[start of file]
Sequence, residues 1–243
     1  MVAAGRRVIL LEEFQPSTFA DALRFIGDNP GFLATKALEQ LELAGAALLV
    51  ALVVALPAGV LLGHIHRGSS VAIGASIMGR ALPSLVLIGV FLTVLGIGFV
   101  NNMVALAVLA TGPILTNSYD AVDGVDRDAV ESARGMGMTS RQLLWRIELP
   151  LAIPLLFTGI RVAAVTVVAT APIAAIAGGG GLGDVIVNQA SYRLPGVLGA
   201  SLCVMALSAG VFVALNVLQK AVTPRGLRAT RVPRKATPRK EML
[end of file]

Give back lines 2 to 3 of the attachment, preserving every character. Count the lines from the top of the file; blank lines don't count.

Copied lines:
     1  MVAAGRRVIL LEEFQPSTFA DALRFIGDNP GFLATKALEQ LELAGAALLV
    51  ALVVALPAGV LLGHIHRGSS VAIGASIMGR ALPSLVLIGV FLTVLGIGFV